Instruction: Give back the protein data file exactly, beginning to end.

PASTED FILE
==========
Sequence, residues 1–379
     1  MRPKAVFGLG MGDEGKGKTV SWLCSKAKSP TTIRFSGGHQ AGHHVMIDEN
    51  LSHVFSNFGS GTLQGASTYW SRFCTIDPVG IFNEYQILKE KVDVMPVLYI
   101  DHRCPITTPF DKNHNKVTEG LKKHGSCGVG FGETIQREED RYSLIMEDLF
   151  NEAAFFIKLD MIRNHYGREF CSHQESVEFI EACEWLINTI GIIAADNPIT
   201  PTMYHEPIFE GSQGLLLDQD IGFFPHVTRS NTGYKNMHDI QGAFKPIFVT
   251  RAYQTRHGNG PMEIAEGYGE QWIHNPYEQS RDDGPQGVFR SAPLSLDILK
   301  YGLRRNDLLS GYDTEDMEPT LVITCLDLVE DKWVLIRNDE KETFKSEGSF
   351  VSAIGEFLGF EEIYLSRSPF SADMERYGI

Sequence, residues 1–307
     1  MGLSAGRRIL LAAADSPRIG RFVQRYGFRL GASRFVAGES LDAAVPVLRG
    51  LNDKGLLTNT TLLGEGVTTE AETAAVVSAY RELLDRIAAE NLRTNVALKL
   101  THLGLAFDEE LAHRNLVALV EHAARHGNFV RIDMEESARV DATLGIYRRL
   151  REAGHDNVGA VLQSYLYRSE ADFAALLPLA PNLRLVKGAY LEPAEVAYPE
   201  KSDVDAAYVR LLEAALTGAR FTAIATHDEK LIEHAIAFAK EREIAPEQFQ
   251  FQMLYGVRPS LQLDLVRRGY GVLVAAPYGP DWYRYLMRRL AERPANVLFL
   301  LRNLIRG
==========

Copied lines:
Sequence, residues 1–379
     1  MRPKAVFGLG MGDEGKGKTV SWLCSKAKSP TTIRFSGGHQ AGHHVMIDEN
    51  LSHVFSNFGS GTLQGASTYW SRFCTIDPVG IFNEYQILKE KVDVMPVLYI
   101  DHRCPITTPF DKNHNKVTEG LKKHGSCGVG FGETIQREED RYSLIMEDLF
   151  NEAAFFIKLD MIRNHYGREF CSHQESVEFI EACEWLINTI GIIAADNPIT
   201  PTMYHEPIFE GSQGLLLDQD IGFFPHVTRS NTGYKNMHDI QGAFKPIFVT
   251  RAYQTRHGNG PMEIAEGYGE QWIHNPYEQS RDDGPQGVFR SAPLSLDILK
   301  YGLRRNDLLS GYDTEDMEPT LVITCLDLVE DKWVLIRNDE KETFKSEGSF
   351  VSAIGEFLGF EEIYLSRSPF SADMERYGI

Sequence, residues 1–307
     1  MGLSAGRRIL LAAADSPRIG RFVQRYGFRL GASRFVAGES LDAAVPVLRG
    51  LNDKGLLTNT TLLGEGVTTE AETAAVVSAY RELLDRIAAE NLRTNVALKL
   101  THLGLAFDEE LAHRNLVALV EHAARHGNFV RIDMEESARV DATLGIYRRL
   151  REAGHDNVGA VLQSYLYRSE ADFAALLPLA PNLRLVKGAY LEPAEVAYPE
   201  KSDVDAAYVR LLEAALTGAR FTAIATHDEK LIEHAIAFAK EREIAPEQFQ
   251  FQMLYGVRPS LQLDLVRRGY GVLVAAPYGP DWYRYLMRRL AERPANVLFL
   301  LRNLIRG